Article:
Two days before thousands of teachers, parents and education activists are staging a march in Washington to protest the Obama administration’s education reform policies, U.S. officials have invited some leaders of the event to the White House for a discussion.
March leaders say they planned the event to let the administration know that teachers, principals, parents and others are fed up with reform policies that they believe are turning public schools into testing factories and that are unfairly evaluating teachers based on student test scores.
Three of a larger group of protesters who went to the Education Department on Wednesday to create an artistic display in front of the building were invited to meet with Education Secretary Arne Duncan, and they handed him a specially made gift of a baby in a box, to symbolize protesters’ concern that high-stakes standardized testing is “boxing in children.”
Education Department spokesman Justin Hamilton said the discussion was useful.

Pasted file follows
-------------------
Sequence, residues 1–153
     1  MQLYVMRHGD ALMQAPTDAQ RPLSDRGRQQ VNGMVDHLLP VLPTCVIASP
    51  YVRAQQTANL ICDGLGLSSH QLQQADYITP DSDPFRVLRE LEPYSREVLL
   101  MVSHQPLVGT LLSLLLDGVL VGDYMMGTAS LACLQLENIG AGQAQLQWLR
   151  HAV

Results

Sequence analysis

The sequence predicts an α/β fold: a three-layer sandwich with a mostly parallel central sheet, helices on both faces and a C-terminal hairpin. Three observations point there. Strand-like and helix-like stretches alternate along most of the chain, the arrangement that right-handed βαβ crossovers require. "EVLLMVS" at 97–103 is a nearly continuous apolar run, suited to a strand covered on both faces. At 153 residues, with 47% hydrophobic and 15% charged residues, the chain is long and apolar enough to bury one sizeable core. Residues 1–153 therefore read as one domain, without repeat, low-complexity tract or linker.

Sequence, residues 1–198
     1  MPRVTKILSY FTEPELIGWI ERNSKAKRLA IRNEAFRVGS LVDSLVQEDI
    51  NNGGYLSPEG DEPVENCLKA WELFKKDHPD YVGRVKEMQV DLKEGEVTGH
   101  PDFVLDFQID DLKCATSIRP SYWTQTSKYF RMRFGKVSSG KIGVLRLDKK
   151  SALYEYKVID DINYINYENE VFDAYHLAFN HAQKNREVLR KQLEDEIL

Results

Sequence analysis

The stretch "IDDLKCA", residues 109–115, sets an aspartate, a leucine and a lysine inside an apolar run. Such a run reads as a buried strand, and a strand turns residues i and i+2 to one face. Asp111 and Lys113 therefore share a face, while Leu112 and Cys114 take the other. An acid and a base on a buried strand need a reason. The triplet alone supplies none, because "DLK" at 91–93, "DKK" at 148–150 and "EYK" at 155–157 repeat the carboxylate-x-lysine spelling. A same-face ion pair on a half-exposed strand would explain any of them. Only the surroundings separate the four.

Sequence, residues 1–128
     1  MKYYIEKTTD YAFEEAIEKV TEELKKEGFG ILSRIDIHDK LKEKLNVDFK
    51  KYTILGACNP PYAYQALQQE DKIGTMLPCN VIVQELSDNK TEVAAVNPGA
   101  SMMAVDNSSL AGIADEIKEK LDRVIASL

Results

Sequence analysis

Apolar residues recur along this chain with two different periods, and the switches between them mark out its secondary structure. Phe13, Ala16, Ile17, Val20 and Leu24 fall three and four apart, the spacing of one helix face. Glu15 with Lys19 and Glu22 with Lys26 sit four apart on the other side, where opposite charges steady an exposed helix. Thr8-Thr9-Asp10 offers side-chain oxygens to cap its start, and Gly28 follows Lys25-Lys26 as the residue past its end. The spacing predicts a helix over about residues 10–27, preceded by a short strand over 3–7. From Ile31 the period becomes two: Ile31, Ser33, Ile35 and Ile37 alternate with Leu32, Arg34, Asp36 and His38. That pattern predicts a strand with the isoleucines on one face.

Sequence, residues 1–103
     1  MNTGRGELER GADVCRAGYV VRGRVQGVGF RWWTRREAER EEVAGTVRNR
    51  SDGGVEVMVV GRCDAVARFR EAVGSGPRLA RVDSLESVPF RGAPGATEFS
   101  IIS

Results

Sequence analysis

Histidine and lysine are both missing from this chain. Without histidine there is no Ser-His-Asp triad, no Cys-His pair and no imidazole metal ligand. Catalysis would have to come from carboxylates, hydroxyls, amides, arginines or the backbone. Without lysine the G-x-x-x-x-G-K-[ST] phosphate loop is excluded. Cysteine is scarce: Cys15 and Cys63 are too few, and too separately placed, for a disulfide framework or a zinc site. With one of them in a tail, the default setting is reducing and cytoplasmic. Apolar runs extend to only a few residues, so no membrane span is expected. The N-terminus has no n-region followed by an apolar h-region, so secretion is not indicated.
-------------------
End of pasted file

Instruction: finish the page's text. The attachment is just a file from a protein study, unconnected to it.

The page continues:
According to leaders of the Save Our Schools March, the White House has invited several of them to the White House on Friday, just a day before the march takes place. A two-day conference of activists began today at American University.
March leaders have been writing open letters to the administration about their standardized test-driven school reform policies for months, but it is just now, apparently, that officials are interested in talking to them about their protest.
Is this a repeat of the administration’s efforts last summer to blunt criticism by a coalition of civil rights groups who released a framework for education reform that was critical of administration policies? Just before it was released, administration officials met with some of the leaders of the group in the coalition, and afterward some backed off their criticism.
Or is this a legitimate effort to allow administration officials to hear teachers complaints (even though they’ve had many months to invite them to the White House, and even though officials have some other pressing business — like the debt limit crisis — to deal with)?
Duncan frequently has conversations with educators across the country. Earlier this month, he phoned Carol Corbett Burris, principal of high-achieving South Side High School in New York, after she wrote an open letter to him about her concerns about his school reform agenda. (You can read her account of the conversation here.)
Burris will be one of the educators marching Saturday.
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